The Department of Road’s plan to start construction of the much touted Nagdhunga-Naubise tunnel which is expected to make travelling in and out of the Kathmandu Valley easier has been delayed as it has yet to appoint a contractor to execute the project.
The underground route that the department is planning to build beneath the western rim of the Kathmandu Valley with a soft loan from the Japanese government is expected to reduce the travel time significantly by eliminating the numerous hairpin turns across the hill on this stretch of the highway.
Initially, the department was planning to mobilise a contractor and start the construction of the tunnel way by January 2019 but this plan will not materalise as the project office has yet to evaluate the proposals submitted by contractors willing to undertake the job.
Currently, the Department of Road (DOR) is evaluating the technical proposals of six international companies—five Chinese and one Japanese—that had been shortlisted for the job.
According to Keshav Kumar Sharma, chief of the DoR’s Foreign Cooperation Branch, the department will take two to three weeks to complete the evaluation of the technical proposals and to prepare a list of the technically qualified ones.
“Once we complete the technical evaluation, we will forward the list to Japan International Cooperation Agency (JICA) for approval,” said Sharma. “After receiving approval, we will then open the envelopes containing the financial proposal of the technically qualified firms and the company quoting the lowest price will be awarded the construction job.”
Sharma said the DOR is planning to mobilise the contractor by March 2019, the new target set by the department.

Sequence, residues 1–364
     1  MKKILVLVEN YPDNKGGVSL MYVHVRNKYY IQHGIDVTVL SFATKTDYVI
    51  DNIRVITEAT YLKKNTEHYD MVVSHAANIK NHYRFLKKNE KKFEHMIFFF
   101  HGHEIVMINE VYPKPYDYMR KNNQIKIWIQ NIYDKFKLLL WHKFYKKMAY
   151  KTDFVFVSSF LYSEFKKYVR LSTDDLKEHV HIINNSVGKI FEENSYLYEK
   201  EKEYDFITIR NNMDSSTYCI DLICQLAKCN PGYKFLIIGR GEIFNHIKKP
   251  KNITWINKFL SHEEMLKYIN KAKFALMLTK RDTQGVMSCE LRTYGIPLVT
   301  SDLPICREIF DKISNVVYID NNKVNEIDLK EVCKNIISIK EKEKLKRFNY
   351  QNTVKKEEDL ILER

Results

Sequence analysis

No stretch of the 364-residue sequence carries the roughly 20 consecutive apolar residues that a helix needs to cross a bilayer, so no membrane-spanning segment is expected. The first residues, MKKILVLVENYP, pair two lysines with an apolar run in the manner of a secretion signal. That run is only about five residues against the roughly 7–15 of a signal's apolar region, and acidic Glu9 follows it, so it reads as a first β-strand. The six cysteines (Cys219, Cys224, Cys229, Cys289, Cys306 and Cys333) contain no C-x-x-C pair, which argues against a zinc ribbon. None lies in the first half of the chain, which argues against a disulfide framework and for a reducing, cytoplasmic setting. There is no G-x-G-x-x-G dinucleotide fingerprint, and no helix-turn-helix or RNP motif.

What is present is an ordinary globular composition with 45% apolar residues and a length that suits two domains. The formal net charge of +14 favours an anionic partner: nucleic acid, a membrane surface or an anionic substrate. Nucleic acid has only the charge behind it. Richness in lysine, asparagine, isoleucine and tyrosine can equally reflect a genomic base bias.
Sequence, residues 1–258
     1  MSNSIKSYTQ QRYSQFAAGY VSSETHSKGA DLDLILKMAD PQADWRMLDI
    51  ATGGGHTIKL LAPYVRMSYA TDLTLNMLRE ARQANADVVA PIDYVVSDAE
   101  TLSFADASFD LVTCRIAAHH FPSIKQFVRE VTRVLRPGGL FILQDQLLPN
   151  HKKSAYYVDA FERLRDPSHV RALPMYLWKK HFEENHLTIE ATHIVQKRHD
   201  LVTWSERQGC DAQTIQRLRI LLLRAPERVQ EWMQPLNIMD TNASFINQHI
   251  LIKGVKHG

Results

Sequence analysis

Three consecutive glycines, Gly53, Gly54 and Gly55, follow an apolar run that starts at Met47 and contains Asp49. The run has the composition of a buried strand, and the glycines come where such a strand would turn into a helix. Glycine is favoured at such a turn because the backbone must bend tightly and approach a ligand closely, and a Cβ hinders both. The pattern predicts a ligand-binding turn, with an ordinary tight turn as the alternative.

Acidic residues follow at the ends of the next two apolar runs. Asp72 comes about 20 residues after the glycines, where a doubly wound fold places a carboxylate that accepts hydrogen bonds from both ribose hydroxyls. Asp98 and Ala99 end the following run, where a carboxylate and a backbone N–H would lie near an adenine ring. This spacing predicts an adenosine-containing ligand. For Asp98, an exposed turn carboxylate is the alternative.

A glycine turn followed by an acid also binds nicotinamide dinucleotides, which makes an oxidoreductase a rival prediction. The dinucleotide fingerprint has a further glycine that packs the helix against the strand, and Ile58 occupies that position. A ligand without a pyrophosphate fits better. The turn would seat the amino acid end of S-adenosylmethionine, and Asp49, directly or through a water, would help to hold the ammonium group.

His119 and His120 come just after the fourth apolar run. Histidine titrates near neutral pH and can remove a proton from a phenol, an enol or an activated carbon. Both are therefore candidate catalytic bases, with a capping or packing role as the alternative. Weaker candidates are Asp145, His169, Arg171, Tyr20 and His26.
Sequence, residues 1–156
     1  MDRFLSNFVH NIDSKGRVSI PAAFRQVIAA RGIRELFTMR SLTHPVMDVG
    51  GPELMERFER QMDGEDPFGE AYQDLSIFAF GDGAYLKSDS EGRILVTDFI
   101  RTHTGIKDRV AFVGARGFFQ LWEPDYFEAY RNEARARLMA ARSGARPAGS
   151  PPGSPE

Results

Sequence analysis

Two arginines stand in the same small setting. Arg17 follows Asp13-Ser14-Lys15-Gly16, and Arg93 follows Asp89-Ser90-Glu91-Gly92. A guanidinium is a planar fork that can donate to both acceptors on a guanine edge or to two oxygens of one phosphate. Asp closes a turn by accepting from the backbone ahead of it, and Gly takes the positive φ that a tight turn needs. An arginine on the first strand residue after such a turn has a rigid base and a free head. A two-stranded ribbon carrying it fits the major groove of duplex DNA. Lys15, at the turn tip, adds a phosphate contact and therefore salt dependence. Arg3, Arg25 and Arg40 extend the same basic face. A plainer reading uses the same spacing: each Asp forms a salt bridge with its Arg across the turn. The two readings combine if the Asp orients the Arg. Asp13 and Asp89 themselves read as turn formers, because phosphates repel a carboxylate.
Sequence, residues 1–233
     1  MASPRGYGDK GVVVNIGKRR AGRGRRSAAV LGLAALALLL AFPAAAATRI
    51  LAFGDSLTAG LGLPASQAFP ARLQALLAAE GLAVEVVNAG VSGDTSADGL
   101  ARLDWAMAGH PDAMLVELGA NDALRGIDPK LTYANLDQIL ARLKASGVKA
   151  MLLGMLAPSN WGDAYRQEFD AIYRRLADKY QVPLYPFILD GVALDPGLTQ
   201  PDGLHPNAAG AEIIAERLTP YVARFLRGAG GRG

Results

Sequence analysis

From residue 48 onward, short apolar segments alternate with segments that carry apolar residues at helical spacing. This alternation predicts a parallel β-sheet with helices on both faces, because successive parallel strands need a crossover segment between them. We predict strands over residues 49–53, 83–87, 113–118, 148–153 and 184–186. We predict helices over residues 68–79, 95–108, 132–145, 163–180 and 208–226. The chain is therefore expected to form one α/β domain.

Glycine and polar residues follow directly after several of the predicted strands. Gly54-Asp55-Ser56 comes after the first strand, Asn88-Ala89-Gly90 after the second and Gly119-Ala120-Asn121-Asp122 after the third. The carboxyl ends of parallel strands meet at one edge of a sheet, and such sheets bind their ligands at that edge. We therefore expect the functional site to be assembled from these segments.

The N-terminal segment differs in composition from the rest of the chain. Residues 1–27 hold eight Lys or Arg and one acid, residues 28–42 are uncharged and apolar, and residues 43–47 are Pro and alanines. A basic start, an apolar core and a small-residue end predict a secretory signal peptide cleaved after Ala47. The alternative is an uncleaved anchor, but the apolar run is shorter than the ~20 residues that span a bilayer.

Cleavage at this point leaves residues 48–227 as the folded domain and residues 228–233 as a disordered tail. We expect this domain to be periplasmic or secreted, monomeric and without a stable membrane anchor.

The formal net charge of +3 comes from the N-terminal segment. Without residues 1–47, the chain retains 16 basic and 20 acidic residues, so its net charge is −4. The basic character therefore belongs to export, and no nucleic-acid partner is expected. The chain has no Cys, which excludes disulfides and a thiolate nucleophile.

The Nagdhunga Tunnel Project has two components: Construction of a 2.45-km tunnel from Basnetchhap to Sisne Khola, and a 2.6-km approach road from Basnetchhap to Thankot. The proposed tunnel will have two 3.5-metre lanes and a 2.5-metre shoulder. It will also have LED lighting, mechanical ventilation, evacuation tunnel door and emergency telephone service.
Likewise, the approach road will have two bridges, toll booths and a roadside rest area for travellers. The rest area, spread over 4,650 square metres, will have parking space for nine heavy vehicles and 23 light vehicles, fast food restaurants, shops and toilets. The cost of the project is expected to be around Rs20.2 billion.
The tunnel project will be implemented with a loan from the Japanese government. Nepal and Japan signed an official development assistance loan agreement worth Rs15.2 billion for the construction of the tunnel in December 2016. The loan repayment period has been fixed at 40 years and the grace period at 10 years. The loan carries an interest rate of 0.01 percent per annum.